Why Chris Bosh could miss the rest of the NBA season with blood clots

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Miami Heat forward Chris Bosh is currently being evaluated to see if he has blood clots in his lungs that may cause him to miss the remainder of the NBA season, Joseph Goodman of the Miami Herald reports.

Bosh was sent to the hospital after reporting for practice Thursday feeling "under the weather," according to head coach Erik Spoelstra. The team didn't reveal the nature of the testing, but the Herald reported that initial tests focused on Bosh's lungs. A Heat spokesman said initial testing was inconclusive.

Blood clots in the lungs can be dangerous and even deadly. These clots typically form in the legs as a deep venous thrombosis (DVT). Our blood naturally forms clots to allow our bodies to heal and stop bleeding after injuries. However, they can form unexpectedly and without any type of notice. This typically occurs in veins in the legs or arms as DVT. Often patients with this condition can develop leg swelling (sometimes painful), warmth, and a reddish or bluish discoloration.

The major fear with this kind of condition is the possibility that a piece of the blood clots may break off and travel through the bloodstream and lodge themselves in the lungs, which can result in pulmonary embolism (PE). Symptoms associated with PE can include chest and/or back pain, acute shortness of breath, exhaustion or unexplained fatigue, dizziness, and even fainting. More troublesome are the patients that don't exhibit any symptoms with this condition, which means tragedy can strike without warning.

Pulmonary embolism is very common, affecting about 300,000 Americans each year. The condition is more common in people who are inactive but can often occur in athletes as well. Many people actually have genetic traits that predispose them to forming these types of clots. In addition to Bosh, several other professional athletes are known to have dealt with PE including the NHL's Kimmo Timonen, Jed Ortmeyer and Pascal Dupuis, the NFL's Jason Pinkston, Serena Williams, while Anderson Varejao and Mirza Teletovic have both been diagnosed with the condition in recent years.

For NHL players and other athletes, blood clots are a deadly threat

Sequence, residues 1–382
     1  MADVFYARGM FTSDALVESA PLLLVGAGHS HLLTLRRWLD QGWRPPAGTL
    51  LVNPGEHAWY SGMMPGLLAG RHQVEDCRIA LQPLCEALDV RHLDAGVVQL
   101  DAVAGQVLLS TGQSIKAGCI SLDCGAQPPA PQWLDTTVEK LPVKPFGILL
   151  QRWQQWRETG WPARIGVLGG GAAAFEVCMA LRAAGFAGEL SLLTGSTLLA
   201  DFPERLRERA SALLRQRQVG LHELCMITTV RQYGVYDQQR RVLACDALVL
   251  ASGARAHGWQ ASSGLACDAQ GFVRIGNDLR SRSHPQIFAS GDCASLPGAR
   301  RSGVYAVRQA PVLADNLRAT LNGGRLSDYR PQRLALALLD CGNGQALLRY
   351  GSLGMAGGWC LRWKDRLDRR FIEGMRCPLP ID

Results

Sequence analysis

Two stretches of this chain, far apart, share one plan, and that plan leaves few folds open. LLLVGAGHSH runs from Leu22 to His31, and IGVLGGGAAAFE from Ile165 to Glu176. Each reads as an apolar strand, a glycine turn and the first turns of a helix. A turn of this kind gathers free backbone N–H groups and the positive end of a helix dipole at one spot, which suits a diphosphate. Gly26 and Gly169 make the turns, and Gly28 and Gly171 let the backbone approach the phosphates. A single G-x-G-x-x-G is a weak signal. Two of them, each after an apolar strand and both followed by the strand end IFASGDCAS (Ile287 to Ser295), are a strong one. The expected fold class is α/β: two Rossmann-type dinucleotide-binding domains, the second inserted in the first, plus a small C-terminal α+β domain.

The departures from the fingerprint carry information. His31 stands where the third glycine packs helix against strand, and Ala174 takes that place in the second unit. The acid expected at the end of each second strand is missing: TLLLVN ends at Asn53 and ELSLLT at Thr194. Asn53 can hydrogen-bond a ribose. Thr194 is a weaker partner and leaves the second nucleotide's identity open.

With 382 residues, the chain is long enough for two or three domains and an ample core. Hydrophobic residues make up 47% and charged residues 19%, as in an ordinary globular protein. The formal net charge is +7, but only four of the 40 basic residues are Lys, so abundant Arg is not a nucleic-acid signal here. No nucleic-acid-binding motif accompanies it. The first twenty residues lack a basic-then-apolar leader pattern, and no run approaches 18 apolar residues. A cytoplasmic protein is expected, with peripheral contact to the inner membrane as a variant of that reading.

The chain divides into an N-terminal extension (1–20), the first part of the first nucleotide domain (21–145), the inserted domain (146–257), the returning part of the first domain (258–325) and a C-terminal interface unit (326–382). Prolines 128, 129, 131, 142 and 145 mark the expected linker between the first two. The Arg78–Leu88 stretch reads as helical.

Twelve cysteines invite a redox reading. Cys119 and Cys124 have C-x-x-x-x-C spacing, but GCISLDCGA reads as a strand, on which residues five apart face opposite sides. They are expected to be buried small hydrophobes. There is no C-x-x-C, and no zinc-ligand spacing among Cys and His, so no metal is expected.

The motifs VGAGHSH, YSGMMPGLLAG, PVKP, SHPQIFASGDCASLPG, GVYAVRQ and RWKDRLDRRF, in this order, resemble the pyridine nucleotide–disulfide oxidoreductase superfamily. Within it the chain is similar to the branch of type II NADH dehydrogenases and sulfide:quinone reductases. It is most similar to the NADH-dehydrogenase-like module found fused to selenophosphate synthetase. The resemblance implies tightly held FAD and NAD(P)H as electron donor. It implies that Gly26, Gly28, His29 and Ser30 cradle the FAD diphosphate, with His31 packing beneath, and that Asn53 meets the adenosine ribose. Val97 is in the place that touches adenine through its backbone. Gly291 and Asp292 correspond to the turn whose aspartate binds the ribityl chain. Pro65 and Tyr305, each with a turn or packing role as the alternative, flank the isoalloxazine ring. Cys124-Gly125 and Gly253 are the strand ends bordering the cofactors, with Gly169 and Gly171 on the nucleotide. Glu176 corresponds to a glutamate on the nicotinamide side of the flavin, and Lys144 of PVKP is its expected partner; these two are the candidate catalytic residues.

​There are several risk factors that are unique to professional athletes in regards to blood clots.1–3 Strenuous exercise or trauma can cause damage to blood vessels and clots can form at those damage points. Immobilization after a strenuous workout or injury can allow blood to pool and form clots. Dehydration after exercise thickens blood and can allow clots to form. Air travel (especially prolonged flights) has long been known as a risk factor for blood clots. Part of this is due to the immobilization of sitting still for the flight and the blood pooling in the legs and not getting pumped back to the heart as easily because the leg muscles are not being used. Since professional athletes are forced to fly (often long flights) more than most of us during their respective seasons, this is a significant risk for them. 

In addition, athletes often suffer higher rates of injuries that require immobilization and/or surgery that can also increase their risk of blood clots and possible PE. Athletes may face a slightly increased risk of forming blood clots but this is mainly a problem for those rare athletes who have a genetic predisposition to forming clots. 

There are medications that can be used to thin the blood in people who form DVTs or PEs. These are typically taken for several months after a clot is diagnosed, which is why Bosh's season could be in jeopardy if he's found to have the condition. When taking blood thinners, patients tend to bleed more when injured, which can be problematic for athletes in contact sports, like basketball. That's why you'll see athletes sidelined up to six months or more while they're being treated—arm or leg injuries tend to be more severe, but injuries to the head, chest, or abdomen can be fatal.

Dr. Peter C. Vitanzo is a sports medicine physician at the Rothman Institute who also works with the Phillies, 76ers and several collegiate sports teams in the Philadelphia area.​ Dr. Barry E. Kenneally, also a sports medicine physician at the Rothman Institute, treats a wide variety orthopedic problems in athletes and non-athletes.

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  1. Tao K, Davenport M. Deep Venous Thromboembolism in a Triathlete. J. Emerg. Med. 2010;38(3):351-353. doi:10.1016/j.jemermed.2008.07.030.
  2. Caterina MD, MD. Four cases of venous thrombosis in athletes with silent hereditary defects of the protein C system. Thromb Haemost 2005;94(2):463-464.
  3. Parker B, Augeri A, Capizzi J, et al. Effect of Air Travel on Exercise-Induced Coagulatory and Fibrinolytic Activation in Marathon Runners: Clin. J. Sport Med. 2011;21(2):126-130. doi:10.1097/JSM.0b013e31820edfa6.